Houshmandzadeh chose Seahawks over Vikes

Nov 30, 2009 - 5:01 AM By JON KRAWCZYNSKI AP Sports Writer

EDEN PRAIRIE, Minn.(AP) -- When T.J. Houshmandzadeh made a free agent visit to Minnesota at the beginning of March, he was impressed by everything he saw. Well, almost everything.

Owner Zygi Wilf cut short a vacation and presented a competitive offer. Receivers coach George Stewart made the veteran feel like the missing piece to the puzzle and coach Brad Childress made it clear how much they valued Houshmandzadeh's services.

"It was just a class organization," Houshmandzadeh said.

All except for the quarterback. The Vikings were preparing to go into training camp with Sage Rosenfels and Tarvaris Jackson in a competition for the job. That was enough for Houshmandzadeh to sign a five-year, $40 million contract with Seattle instead.

"You knew Minnesota had a good team. It came down to, it felt like the quarterback situation was better here," Houshmandzadeh said. "I did what any receiver would do."


Little did Houshmandzadeh know Brett Favre would parachute in to Minnesota two weeks into training camp and deliver an MVP-caliber performance in the first half of the season, putting the Vikings (8-1) in contention for the top seed in the NFC.

It's been a much more difficult year for the Seahawks (3-6), who have been beset by injuries and have lost six of their last eight games heading into Sunday's meeting with the Vikings at the Metrodome.

"Obviously, it doesn't look like I made the right decision," Houshmandzadeh said. "But it's too early. It's been (nine) games."

Houshmandzadeh had his best game as a Seahawk last week against Arizona, catching nine passes for 165 yards in a 31-20 loss. But he also has five games this season where he failed to top 50 yards receiving, production that has certainly been affected by Matt Hasselbeck missing two games with a rib injury.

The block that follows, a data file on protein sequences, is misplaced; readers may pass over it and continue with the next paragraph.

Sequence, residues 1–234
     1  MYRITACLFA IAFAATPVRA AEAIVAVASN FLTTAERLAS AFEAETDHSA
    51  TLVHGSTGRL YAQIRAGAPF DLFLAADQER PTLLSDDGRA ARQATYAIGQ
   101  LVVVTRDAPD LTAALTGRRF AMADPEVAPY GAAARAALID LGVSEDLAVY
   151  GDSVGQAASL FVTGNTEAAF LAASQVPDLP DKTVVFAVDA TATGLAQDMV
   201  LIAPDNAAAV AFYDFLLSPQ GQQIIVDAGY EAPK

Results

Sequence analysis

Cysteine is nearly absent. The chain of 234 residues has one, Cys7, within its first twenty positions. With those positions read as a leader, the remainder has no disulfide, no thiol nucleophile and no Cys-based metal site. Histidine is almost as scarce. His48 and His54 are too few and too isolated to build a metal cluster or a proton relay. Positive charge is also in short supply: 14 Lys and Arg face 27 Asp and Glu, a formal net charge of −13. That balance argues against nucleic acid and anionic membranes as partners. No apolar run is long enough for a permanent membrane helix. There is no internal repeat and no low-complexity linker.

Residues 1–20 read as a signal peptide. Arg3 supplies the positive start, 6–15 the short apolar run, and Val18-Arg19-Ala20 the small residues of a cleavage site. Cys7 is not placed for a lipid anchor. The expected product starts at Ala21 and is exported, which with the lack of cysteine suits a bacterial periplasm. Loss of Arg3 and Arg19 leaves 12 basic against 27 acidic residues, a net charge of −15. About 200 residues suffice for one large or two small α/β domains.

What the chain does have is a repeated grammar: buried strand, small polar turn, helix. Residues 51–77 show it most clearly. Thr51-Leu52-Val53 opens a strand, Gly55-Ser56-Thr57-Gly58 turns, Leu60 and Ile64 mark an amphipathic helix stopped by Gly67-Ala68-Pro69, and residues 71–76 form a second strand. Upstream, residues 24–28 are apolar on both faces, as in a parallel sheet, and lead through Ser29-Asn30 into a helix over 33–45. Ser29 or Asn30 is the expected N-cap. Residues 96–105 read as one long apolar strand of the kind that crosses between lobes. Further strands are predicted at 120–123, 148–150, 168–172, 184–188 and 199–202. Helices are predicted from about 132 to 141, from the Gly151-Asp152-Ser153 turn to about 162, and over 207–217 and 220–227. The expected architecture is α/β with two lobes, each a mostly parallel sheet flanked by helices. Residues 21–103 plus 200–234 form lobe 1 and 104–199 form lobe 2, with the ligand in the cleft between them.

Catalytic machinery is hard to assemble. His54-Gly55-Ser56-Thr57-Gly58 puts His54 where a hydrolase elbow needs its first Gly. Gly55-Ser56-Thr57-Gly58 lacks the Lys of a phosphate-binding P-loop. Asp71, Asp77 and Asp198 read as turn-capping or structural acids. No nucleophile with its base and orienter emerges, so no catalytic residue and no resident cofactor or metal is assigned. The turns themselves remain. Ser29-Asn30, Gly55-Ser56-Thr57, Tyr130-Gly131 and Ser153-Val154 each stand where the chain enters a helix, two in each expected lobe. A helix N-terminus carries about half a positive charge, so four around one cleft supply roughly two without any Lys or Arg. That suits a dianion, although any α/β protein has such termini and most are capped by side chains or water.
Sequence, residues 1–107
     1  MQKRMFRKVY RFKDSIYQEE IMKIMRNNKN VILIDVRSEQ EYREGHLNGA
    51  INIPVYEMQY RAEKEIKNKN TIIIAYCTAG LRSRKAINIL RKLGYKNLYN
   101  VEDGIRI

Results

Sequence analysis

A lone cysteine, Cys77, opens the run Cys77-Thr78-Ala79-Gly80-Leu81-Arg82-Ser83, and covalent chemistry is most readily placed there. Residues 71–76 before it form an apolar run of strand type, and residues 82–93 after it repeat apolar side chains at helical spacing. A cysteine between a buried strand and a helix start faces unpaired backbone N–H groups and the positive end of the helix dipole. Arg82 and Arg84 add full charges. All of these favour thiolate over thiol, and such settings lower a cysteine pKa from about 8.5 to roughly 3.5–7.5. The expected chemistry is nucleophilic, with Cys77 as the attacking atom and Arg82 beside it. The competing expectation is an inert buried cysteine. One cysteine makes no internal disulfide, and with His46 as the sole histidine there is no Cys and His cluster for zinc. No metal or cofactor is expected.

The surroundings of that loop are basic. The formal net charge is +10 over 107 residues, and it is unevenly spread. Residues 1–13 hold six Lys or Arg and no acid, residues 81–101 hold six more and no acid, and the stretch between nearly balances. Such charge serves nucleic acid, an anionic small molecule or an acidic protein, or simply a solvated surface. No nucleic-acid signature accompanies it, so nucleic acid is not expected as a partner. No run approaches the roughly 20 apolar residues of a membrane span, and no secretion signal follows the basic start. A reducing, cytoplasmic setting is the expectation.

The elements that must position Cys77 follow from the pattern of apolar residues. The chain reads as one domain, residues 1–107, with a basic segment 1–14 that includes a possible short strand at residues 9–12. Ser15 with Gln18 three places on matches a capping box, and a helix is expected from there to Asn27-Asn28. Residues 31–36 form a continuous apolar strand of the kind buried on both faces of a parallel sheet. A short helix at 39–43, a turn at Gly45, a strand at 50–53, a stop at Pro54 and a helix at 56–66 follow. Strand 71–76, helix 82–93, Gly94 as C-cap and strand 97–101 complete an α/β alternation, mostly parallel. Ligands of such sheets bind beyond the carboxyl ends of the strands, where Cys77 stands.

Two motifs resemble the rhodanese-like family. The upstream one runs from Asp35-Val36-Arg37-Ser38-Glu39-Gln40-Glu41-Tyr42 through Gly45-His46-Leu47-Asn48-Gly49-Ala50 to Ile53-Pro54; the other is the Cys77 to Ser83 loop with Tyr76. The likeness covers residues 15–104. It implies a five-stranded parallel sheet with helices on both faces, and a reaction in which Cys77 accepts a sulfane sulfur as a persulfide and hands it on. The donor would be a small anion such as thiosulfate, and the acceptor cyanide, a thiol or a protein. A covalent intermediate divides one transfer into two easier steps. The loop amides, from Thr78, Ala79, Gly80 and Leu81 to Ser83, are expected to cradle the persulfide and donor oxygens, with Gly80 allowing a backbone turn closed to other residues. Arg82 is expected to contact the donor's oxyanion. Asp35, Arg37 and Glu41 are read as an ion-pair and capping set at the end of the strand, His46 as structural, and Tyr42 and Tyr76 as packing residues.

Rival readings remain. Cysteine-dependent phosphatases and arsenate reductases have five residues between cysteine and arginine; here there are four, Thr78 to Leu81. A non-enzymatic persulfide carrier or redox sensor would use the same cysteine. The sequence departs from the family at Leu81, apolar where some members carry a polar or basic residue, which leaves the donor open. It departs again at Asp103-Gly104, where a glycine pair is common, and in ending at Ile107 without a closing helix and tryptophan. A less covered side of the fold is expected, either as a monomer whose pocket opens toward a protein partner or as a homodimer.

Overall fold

So while Favre and the Vikings have a commanding three-game lead in the NFC North and are steamrolling toward the playoffs, the Seahawks are languishing in the NFC West. They need a major turnaround to avoid missing the postseason for a second straight year.

What if Favre had already been in purple when Houshmandzadeh was agonizing over the decision?

"Had he been there, who knows what could have happened?" he said. "What if ... What if ..."

The Vikings saw the 31-year-old former Cincinnati Bengal as the big, precise route runner they needed to complement speedster Bernard Berrian on the outside.

But when Houshmandzadeh turned down the Vikings to head out west to Seattle, he may have helped out Minnesota in the long run.

Had Houshmandzadeh signed a big contract to play here, the Vikings may not have selected Florida receiver Percy Harvin with their first-round pick in April. Harvin has been a revelation in his first nine games as a pro, leading the league in yards per kick return and emerging as one of Favre's favorite big-play targets.

"Too bad he didn't come here. I don't know," Vikings tight end Visanthe Shiancoe said with a wry grin. "All I know is we've got Percy, Bernard (Berrian) and Sidney (Rice) and those are the guys that we love and we need here. They're making huge plays here.

"He made a decision. He decided what's best for his career," Shiancoe said. "We feel good over here. Hopefully he feels good over there."

There have been times this season when Houshmandzadeh has waxed nostalgic about Carson Palmer and the Bengals, who are enjoying a breakthrough season in first place in the AFC North, and has complained about not getting enough passes thrown his way.

He said he's feeling more like himself lately and wasn't ready to say he made the wrong choice yet.

"As of now, it doesn't look like I made the best decision," Houshmandzadeh said. "But you can't say it's a bad decision. It's been one year. I feel like I have many more years I'll be playing. I feel good."


AP Sports Writer Gregg Bell in Renton, Wash., contributed to this story.

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